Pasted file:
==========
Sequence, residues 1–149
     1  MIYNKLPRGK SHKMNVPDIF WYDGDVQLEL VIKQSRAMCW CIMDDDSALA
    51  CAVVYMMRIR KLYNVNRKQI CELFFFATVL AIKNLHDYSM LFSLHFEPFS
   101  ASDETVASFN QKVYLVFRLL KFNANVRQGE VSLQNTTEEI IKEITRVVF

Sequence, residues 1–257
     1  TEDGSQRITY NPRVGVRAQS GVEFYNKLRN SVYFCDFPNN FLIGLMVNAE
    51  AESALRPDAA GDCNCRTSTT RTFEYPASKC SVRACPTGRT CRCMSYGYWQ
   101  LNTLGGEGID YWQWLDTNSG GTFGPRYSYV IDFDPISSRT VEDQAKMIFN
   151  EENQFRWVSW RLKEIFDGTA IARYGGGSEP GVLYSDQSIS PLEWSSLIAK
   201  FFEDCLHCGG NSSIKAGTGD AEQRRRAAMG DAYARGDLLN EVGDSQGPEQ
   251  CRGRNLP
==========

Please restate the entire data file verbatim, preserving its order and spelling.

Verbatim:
Sequence, residues 1–149
     1  MIYNKLPRGK SHKMNVPDIF WYDGDVQLEL VIKQSRAMCW CIMDDDSALA
    51  CAVVYMMRIR KLYNVNRKQI CELFFFATVL AIKNLHDYSM LFSLHFEPFS
   101  ASDETVASFN QKVYLVFRLL KFNANVRQGE VSLQNTTEEI IKEITRVVF

Sequence, residues 1–257
     1  TEDGSQRITY NPRVGVRAQS GVEFYNKLRN SVYFCDFPNN FLIGLMVNAE
    51  AESALRPDAA GDCNCRTSTT RTFEYPASKC SVRACPTGRT CRCMSYGYWQ
   101  LNTLGGEGID YWQWLDTNSG GTFGPRYSYV IDFDPISSRT VEDQAKMIFN
   151  EENQFRWVSW RLKEIFDGTA IARYGGGSEP GVLYSDQSIS PLEWSSLIAK
   201  FFEDCLHCGG NSSIKAGTGD AEQRRRAAMG DAYARGDLLN EVGDSQGPEQ
   251  CRGRNLP